A couloir is a steep gorge or gully. With enough snowcoverage it can be very exciting to ski one. Once you enter a couloir, there is no way out and because you’re in a big terrain trap, you have to either ski from one safe spot to the next or ski in one go in order not to get caught in an avalanche. If you like skiing couloirs like I do, there is a hidden gem in the French Alps; la Grave…
La Grave has over a dozen of couloirs, most of them easily accessible. I arrived late in the season, around April 20. The lower terrain had run out of snow by that time but the high alpine still had a great coverage including some fresh snow. When you take one of the little gondolas in la Grave you’ll see a bunch of couloirs on your left-hand side once you reach the top station. These couloirs are called “Couloirs de la Pointe Trifide” and are true classics of la Grave.
In the picture all the couloirs run from right to left. Trifide 0 starts on the huge rocky area and joins the bigger Trifide 1 at the bottom. Trifide 2 starts on an exposed section before you turn into a more narrow gully surrounded by rocks. The start of Trifide 3 can be seen at the far left in the picture and normally requires a rappel (or big jump…) in order to exit. During my visit to la Grave I skied Trifide 0, 1 and 2.
Together with Bart and Marius, two guys I met through the WePowder forum, I hired a guide for one and a half day. In the first lift up Jonathan asked us if we were good skiing 35 to 40 degrees couloirs straight away or if we’d prefer to ski a warm up run first. We decided to head directly to the Trifides. Once you leave the gondola you walk passed the “out-of-bounds” sign and ski down a little bit towards the entrance of the couloirs. We started with Trifide 1, the easiest of them all. The entrance is interesting though with some navigating through and over rocks. People from nearby resort Les deux Alpes sometimes end up in la Grave thinking there are a couple of nice pistes and eventually end up in the easily accessible couloirs with all thinkable consequences. Luckily for us, we knew what we were doing. Trifide 1 turned out to be a nice ski but I’d liked to ski something steeper…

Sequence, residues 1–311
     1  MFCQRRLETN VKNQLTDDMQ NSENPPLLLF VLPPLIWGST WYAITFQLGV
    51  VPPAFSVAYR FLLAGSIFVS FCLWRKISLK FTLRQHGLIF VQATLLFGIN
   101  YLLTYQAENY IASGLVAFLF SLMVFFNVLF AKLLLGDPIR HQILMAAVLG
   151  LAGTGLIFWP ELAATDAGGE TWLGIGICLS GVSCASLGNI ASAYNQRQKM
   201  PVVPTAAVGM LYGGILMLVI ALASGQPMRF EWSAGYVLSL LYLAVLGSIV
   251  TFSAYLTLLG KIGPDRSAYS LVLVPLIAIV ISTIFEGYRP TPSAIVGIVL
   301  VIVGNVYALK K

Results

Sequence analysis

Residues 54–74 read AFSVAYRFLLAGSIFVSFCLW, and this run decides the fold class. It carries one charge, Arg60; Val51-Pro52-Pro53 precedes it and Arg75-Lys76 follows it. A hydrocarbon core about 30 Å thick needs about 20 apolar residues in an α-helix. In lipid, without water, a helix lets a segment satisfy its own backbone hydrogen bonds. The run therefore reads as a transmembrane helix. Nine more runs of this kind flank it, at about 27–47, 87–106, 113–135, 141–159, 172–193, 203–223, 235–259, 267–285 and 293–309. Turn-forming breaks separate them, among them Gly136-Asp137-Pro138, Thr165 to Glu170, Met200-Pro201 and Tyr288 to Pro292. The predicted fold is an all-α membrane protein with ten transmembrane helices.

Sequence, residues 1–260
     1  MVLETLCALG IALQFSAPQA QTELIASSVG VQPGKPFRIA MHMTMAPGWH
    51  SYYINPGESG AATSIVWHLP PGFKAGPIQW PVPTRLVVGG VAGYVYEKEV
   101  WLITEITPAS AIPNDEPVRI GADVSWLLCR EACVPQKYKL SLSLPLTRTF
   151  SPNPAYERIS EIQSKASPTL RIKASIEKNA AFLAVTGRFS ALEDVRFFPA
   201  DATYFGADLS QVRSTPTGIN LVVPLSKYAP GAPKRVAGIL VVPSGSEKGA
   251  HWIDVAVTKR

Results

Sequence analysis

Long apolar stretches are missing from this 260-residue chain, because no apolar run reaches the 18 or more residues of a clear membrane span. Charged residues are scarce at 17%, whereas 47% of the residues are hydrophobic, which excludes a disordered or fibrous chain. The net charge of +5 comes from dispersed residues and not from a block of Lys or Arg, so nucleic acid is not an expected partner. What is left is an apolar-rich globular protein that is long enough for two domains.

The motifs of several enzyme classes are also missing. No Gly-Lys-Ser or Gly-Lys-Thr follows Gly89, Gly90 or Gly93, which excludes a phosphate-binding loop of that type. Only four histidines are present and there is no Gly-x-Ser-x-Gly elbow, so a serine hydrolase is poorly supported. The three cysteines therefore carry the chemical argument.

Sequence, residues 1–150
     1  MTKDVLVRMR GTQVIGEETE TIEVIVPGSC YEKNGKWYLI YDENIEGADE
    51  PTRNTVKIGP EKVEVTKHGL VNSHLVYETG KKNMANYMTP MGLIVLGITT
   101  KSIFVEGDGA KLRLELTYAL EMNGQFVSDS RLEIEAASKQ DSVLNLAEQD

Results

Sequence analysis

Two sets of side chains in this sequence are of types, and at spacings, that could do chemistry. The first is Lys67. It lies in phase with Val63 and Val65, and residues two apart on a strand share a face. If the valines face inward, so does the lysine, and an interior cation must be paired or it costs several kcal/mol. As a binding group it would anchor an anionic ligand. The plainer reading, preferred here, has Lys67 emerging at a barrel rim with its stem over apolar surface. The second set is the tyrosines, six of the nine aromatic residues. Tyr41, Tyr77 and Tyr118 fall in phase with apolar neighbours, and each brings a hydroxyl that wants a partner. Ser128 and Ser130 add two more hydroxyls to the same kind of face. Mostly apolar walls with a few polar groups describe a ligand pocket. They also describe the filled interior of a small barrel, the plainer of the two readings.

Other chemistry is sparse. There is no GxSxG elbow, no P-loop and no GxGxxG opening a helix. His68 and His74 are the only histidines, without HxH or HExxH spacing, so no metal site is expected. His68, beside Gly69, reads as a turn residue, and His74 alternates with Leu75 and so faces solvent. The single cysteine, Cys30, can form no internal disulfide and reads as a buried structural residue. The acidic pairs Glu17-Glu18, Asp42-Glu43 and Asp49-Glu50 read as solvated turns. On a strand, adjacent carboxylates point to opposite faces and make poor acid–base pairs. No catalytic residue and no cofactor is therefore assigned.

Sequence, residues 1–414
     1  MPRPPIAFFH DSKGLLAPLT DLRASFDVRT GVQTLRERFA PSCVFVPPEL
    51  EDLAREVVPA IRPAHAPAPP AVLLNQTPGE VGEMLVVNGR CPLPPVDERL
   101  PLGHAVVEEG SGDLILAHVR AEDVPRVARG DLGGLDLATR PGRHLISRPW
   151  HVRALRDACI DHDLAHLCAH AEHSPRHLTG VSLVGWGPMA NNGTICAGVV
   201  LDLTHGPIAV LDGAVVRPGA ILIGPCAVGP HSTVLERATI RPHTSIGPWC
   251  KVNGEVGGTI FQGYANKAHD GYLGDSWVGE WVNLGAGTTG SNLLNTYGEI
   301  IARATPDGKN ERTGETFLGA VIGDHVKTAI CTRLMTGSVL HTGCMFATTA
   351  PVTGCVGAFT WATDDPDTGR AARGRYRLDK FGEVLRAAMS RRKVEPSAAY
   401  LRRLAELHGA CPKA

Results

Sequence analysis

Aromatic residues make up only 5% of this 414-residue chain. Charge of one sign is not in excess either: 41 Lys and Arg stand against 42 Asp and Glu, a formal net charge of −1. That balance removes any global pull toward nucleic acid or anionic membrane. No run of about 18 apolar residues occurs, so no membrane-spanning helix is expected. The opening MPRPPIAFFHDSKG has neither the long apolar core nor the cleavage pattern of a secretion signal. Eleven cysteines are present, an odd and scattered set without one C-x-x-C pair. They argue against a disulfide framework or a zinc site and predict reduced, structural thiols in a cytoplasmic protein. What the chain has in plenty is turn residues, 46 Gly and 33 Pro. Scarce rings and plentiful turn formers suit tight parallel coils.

We took the gondola back up from the mid station. This time we went skier’s right to Trifide 2. More navigating through rocks took us to an exposed section which was the start of the couloir. We were all aware of the increased risk and made some conservative turns. A fall would not necessarily result in death but it definitely wouldn’t be fun!
At the bottom of the exposed face we went skier’s left into a more narrow corridor, great skiing. Marius climbed on top of a big rock so he could take some photos of Bart and myself skiing down. Always nice to have some photos from a slightly different perspective. Thanks Marius! Once we left the corridor, the run opened up a bit and the skiing became easier. Trifide 2 is a great run. It involves both a bit of mental – and of course skiing ability. Nothing too crazy but definitely a great adventure!
Jonathan didn’t recommend to ski Tridife 3 as it requires a rappel or a huge jump at the bottom in order to exit the couloir. We all agrees to skip it. Trifide 0 was still left to be skied and this became our next target. Trifide 0 is not visible from the gondola and the entrance is a bit hidden so it doesn’t get skied as often as the other Trifides. That means there are less tracks!
We skied a bit further down to find the entrance compared to the other Trifides and traversed skier’s right. Some sidestepping on a steep section and we were suddenly in the couloir. There were just a couple of tracks before Jonathan made his. We followed one by one and I enjoyed every single turn I made in my favourite couloir of the Trifide-family. It is nice and steep, consistent and a little bit hidden which makes you feel privileged to ski it. Now I knew how to find it, I returned in the afternoon to ski it again.
If you like to ski couloirs, la Grave simply has to visited. It is a classic ski area amongst advanced – and expert skiers. The first couple of times I definitely recommend to ski with a guide. Besides the risk of ending up in an avalanche the routefinding can be extremely difficult and dangerous; you can easily end up at a big cliff and the rescue helicopter is the only way out!
The Trifide couloirs are great but la Grave has so much more to offer. La Voute, Chirouze, Freaux and Rama are just a few examples of other challenging couloirs or “itinéraires” as they are referred to locally. Touring options are also abundant and finally there is the renowned “Pan de Rideau” where you have to cross a very exposed section where falling really is out of the question…